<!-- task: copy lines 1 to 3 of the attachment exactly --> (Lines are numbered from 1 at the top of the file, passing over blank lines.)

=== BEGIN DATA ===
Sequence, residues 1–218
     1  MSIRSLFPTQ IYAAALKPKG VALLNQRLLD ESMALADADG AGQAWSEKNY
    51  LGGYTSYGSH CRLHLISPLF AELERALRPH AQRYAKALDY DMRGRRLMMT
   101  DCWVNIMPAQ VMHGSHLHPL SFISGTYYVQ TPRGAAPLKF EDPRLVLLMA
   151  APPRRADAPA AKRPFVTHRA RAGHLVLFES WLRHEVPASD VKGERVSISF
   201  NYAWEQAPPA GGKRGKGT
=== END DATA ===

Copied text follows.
Sequence, residues 1–218
     1  MSIRSLFPTQ IYAAALKPKG VALLNQRLLD ESMALADADG AGQAWSEKNY
    51  LGGYTSYGSH CRLHLISPLF AELERALRPH AQRYAKALDY DMRGRRLMMT